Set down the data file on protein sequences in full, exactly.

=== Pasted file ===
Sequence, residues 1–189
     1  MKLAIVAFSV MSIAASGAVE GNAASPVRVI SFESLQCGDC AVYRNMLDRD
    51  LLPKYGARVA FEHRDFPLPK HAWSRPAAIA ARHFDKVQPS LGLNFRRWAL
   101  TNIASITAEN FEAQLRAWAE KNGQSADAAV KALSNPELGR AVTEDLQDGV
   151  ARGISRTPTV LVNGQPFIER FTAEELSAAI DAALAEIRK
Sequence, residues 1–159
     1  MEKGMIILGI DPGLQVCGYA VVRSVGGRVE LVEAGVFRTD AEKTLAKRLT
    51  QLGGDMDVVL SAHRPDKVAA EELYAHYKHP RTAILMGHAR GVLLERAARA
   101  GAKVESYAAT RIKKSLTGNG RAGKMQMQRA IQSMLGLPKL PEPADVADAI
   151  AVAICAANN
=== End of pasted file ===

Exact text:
Sequence, residues 1–189
     1  MKLAIVAFSV MSIAASGAVE GNAASPVRVI SFESLQCGDC AVYRNMLDRD
    51  LLPKYGARVA FEHRDFPLPK HAWSRPAAIA ARHFDKVQPS LGLNFRRWAL
   101  TNIASITAEN FEAQLRAWAE KNGQSADAAV KALSNPELGR AVTEDLQDGV
   151  ARGISRTPTV LVNGQPFIER FTAEELSAAI DAALAEIRK
Sequence, residues 1–159
     1  MEKGMIILGI DPGLQVCGYA VVRSVGGRVE LVEAGVFRTD AEKTLAKRLT
    51  QLGGDMDVVL SAHRPDKVAA EELYAHYKHP RTAILMGHAR GVLLERAARA
   101  GAKVESYAAT RIKKSLTGNG RAGKMQMQRA IQSMLGLPKL PEPADVADAI
   151  AVAICAANN